Initiated by a wish to break away from controlled predefined photography the artist employed a distinct technique by transferring Polaroids onto Watercolor paper and a conscious dividing of the photo into multiple fields. The new take on photography let to the unique expression seen in Limit To Your Love. The blend of motive and technique creates an expression that is organic and sensuous to the eye.
Movement is a series which combines a strong aesthetical point of view with meticulous attention to technical detail. As the title indicates, the series is concerned with giving shape to temporal and spatial aspects inherent in all visual experience.
In the early days of photography, what fascinated people the most, was its ability to capture likeness and freeze time. However, paradoxically the new medium’s ability to fix moments in time, tied it irrevocably to the past. Rather than stop time, traditional photography makes the viewer acutely aware of its passing.
The advent of photography is closely linked to the modern movements in Western painting, which began with the French Realists in the mid-nineteenth century and flourished with impressionism a few decades later. The impressionists abandoned the static and staged imagery of previous eras in favour of a vibrant new style which emphasized momentous impressions over exact likeness.
A similar exploration of the material qualities of colour and surface and the same feeling of experiencing the world in fleeting moments is at play in Movement. Like the impressionists who would often return to the same motifs time after time, Gils is also drawn to sites, which convey a certain atmosphere. He continuously explores these from different angles and at various times of year.
There are differences too, however. While the motif in paintings by impressionist frontrunners such as Monet and Morisot dissolves when one zooms in upon it, the distortions of the images in Movement are revealed upon closer scrutiny to be new details and clear shapes, adding an extra dimension to the images.
As such, the series explores a fluctuation between figuration and abstraction, thus unsettling the unique relationship between the photograph and its real-life referent, which distinguishes it from other modes of representation. While some of the images clearly portray a likeness, others render the original subject almost unrecognizable. In these works, Gils explores what happens to the image when the original referent can no longer be discerned. When the signifier is no longer attached to the signified.
The Movement series also represents a breach with the dominant Nordic landscape tradition, which has tended to favour quietude, subdued colour and a certain melancholic mood. Contrary to this, Jacob Gils’ works are vibrant and dynamic, emphasizing the ongoing exchange between image and beholder.
The ‘Limit to your Love’ series was created by my wish to break away from controlled commercial photography. I wanted to loose control and create something simple. I started by photographing long time friend and professional model Camilla. I used only one lamp and it was just the two of us in the studio. Camilla agreed to do her own hair, make-up and styling. The result was a very emotive portrait that I didn’t want to retouch in Photoshop, so I invited other model friends to sit for me in the same way.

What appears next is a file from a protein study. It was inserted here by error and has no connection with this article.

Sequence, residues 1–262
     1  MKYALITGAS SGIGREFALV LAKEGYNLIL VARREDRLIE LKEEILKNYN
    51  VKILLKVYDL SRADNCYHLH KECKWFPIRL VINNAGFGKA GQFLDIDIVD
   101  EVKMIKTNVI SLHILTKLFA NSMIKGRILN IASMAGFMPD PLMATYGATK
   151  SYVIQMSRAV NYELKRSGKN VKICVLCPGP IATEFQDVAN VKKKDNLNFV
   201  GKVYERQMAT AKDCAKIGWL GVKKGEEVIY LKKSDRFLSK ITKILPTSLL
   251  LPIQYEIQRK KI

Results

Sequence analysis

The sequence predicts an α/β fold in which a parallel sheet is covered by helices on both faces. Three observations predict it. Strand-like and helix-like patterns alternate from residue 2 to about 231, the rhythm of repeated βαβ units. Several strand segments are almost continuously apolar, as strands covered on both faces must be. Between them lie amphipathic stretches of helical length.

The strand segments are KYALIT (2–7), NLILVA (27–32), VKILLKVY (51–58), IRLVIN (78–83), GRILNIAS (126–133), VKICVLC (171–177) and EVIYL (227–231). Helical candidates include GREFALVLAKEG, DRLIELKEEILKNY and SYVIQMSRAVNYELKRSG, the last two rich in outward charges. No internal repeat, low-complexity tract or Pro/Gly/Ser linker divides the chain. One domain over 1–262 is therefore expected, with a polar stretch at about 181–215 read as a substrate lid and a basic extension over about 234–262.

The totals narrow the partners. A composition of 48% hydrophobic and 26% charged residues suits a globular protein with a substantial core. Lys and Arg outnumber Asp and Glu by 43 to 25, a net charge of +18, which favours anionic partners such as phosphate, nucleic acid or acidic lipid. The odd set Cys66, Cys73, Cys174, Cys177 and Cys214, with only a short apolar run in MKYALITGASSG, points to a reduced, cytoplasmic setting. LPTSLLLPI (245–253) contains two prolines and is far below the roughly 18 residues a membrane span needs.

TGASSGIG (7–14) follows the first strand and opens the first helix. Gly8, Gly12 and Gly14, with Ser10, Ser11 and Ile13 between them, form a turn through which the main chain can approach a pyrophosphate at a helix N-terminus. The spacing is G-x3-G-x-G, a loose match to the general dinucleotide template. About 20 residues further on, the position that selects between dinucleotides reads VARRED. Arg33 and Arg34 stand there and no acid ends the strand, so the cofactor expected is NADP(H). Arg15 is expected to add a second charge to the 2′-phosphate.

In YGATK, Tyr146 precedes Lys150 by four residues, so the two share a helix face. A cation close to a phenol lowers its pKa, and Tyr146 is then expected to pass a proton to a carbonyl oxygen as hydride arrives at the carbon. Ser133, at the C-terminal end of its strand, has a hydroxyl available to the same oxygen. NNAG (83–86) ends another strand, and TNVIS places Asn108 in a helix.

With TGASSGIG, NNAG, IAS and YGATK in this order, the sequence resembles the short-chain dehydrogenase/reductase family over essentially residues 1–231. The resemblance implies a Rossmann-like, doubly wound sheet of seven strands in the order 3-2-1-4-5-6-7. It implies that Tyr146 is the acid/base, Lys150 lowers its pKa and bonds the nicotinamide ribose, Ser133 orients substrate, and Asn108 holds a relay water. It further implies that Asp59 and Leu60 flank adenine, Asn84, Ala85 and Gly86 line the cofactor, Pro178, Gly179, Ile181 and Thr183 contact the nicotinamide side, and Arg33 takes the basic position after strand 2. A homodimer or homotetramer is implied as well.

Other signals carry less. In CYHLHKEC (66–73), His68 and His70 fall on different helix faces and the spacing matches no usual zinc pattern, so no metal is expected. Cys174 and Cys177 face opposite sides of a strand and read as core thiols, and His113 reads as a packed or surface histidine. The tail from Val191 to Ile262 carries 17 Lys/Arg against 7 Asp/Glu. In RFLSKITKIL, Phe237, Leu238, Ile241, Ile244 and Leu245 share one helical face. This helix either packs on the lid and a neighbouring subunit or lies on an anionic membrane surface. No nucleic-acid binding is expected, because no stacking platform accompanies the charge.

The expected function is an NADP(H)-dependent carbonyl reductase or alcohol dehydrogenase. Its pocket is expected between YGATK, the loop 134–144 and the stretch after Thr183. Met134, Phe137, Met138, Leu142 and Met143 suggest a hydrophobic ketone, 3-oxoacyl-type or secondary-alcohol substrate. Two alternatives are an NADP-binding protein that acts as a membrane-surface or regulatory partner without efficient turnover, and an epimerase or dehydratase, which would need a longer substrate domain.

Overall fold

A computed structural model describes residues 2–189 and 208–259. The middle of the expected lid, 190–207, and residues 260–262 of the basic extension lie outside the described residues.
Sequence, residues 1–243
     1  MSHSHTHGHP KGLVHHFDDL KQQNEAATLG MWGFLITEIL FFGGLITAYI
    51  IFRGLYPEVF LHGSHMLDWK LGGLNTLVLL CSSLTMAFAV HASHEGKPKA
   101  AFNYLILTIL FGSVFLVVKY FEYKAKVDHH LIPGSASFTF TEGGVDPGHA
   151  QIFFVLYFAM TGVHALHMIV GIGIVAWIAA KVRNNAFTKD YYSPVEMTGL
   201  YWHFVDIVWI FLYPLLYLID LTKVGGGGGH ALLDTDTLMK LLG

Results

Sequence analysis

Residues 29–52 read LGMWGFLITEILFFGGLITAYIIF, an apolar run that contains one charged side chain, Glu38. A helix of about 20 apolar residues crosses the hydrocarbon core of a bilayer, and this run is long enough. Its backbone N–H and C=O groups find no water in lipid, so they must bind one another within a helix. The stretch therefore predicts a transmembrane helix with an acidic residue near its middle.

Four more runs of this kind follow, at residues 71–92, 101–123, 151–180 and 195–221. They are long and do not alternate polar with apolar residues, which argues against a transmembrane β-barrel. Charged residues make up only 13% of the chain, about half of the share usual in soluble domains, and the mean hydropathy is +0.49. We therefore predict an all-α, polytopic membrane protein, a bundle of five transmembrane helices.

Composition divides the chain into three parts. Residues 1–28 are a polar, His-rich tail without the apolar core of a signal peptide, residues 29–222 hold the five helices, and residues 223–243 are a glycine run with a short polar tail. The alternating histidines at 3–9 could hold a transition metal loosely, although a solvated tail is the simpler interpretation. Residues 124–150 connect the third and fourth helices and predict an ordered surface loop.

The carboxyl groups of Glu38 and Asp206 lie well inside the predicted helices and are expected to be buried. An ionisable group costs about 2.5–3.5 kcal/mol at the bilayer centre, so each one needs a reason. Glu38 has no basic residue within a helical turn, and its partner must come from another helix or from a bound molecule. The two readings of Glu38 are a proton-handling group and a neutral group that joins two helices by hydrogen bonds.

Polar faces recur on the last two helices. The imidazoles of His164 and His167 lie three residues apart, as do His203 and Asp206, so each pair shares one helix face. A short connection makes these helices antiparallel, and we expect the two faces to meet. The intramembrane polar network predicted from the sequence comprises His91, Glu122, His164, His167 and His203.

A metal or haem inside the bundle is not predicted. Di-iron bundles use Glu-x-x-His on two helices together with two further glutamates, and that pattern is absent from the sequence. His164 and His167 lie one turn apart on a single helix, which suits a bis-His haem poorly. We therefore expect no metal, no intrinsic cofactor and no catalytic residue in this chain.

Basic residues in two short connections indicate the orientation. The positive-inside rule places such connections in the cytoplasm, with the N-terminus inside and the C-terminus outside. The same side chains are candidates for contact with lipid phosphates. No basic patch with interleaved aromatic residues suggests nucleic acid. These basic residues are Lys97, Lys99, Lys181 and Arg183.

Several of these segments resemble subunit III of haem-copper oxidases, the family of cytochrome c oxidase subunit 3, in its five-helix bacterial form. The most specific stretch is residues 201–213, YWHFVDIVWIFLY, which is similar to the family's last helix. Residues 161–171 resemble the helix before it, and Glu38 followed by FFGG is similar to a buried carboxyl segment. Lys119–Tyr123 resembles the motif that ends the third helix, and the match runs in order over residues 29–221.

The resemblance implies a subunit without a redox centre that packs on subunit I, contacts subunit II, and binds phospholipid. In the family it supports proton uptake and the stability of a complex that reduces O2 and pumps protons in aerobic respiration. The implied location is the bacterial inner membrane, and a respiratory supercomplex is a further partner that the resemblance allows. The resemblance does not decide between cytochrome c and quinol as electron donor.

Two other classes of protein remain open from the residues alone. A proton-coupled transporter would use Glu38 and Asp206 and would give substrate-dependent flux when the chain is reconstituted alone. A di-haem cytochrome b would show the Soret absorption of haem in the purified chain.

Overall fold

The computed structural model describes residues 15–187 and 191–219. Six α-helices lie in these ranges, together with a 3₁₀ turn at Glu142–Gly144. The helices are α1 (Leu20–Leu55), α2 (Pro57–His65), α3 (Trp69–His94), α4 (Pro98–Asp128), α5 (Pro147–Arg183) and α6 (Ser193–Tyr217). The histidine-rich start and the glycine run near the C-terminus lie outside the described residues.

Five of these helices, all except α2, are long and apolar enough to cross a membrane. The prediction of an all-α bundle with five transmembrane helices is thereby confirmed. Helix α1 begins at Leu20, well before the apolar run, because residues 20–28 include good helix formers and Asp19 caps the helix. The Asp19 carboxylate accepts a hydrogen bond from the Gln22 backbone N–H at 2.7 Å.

I didn’t want to use Photoshop to clean and perfect the finished images. I wanted some natural imperfections in them so, I experimented for many months to find a technique that worked. I had many failures.
Finally, transferring Polaroids onto watercolour paper achieved the effect I wanted. For the best results I have to work at night in total darkness and require perfect temperatures and timing. I then assemble a set of tiled prints which I rephotograph, digitally signed and send to print.
As large scale, glossy, life size prints the finished portraits might be mistaken as highly polished digital commercial or editorial work. However, below the glossy surface they are very analogue, natural and raw, with imperfections resulting in organic textures.
The focus of my most recent work is the relationship between movement and the built environment. My Multi Shot collection starts with 25-30 photos taken of a familiar landmark on a city street. It’s not until I place these images together, that I can see if the composition is going to work. I hang it up in my home, to see if its good enough to go further with and make a final print.
When I graduated you couldn’t show an unsharp photo. Ideas about photography have changed and it’s nice you can do what ever you like. I think there has been a very big development in educating in Denmark and the rest of the world. You can make an unsharp photo, a pixilated image on the iPhone, what ever you want. Basically here are no rules anymore. For me personally it is important that the technique it is not easy. Maybe its because I like to see an uncontrolled theme in my pictures.
If you ask an artist, painter or musician what they like most about their craft they usually reply, it’s because they can’t not do it – and I feel the same. Taking photos is not for saving the world or anything fancy it’s just for my own sake. I can’t stop doing it. I do it for my personal creative thought process.